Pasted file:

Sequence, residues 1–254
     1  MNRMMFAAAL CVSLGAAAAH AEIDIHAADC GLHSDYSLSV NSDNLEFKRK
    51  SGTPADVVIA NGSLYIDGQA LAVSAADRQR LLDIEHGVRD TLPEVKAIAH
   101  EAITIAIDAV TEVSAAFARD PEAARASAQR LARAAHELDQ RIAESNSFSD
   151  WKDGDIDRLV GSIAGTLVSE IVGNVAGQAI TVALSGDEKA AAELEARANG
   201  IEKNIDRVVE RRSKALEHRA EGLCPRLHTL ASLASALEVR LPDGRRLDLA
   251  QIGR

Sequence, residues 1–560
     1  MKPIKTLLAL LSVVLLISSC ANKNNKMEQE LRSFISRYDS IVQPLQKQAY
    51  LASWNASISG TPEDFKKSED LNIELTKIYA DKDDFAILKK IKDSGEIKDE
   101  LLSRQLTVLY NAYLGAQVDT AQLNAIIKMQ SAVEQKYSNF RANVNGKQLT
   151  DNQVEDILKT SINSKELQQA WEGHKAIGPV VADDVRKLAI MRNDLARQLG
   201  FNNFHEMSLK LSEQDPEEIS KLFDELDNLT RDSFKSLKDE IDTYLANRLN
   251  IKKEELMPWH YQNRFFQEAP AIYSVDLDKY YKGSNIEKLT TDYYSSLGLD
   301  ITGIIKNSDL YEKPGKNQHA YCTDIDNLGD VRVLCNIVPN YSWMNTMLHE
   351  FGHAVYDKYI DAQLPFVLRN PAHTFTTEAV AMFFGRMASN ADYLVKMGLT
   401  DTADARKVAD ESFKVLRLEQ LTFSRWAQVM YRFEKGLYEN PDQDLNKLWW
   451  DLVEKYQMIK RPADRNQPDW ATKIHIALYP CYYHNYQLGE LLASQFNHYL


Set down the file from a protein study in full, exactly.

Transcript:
Sequence, residues 1–254
     1  MNRMMFAAAL CVSLGAAAAH AEIDIHAADC GLHSDYSLSV NSDNLEFKRK
    51  SGTPADVVIA NGSLYIDGQA LAVSAADRQR LLDIEHGVRD TLPEVKAIAH
   101  EAITIAIDAV TEVSAAFARD PEAARASAQR LARAAHELDQ RIAESNSFSD
   151  WKDGDIDRLV GSIAGTLVSE IVGNVAGQAI TVALSGDEKA AAELEARANG
   201  IEKNIDRVVE RRSKALEHRA EGLCPRLHTL ASLASALEVR LPDGRRLDLA
   251  QIGR

Sequence, residues 1–560
     1  MKPIKTLLAL LSVVLLISSC ANKNNKMEQE LRSFISRYDS IVQPLQKQAY
    51  LASWNASISG TPEDFKKSED LNIELTKIYA DKDDFAILKK IKDSGEIKDE
   101  LLSRQLTVLY NAYLGAQVDT AQLNAIIKMQ SAVEQKYSNF RANVNGKQLT
   151  DNQVEDILKT SINSKELQQA WEGHKAIGPV VADDVRKLAI MRNDLARQLG
   201  FNNFHEMSLK LSEQDPEEIS KLFDELDNLT RDSFKSLKDE IDTYLANRLN
   251  IKKEELMPWH YQNRFFQEAP AIYSVDLDKY YKGSNIEKLT TDYYSSLGLD
   301  ITGIIKNSDL YEKPGKNQHA YCTDIDNLGD VRVLCNIVPN YSWMNTMLHE
   351  FGHAVYDKYI DAQLPFVLRN PAHTFTTEAV AMFFGRMASN ADYLVKMGLT
   401  DTADARKVAD ESFKVLRLEQ LTFSRWAQVM YRFEKGLYEN PDQDLNKLWW
   451  DLVEKYQMIK RPADRNQPDW ATKIHIALYP CYYHNYQLGE LLASQFNHYL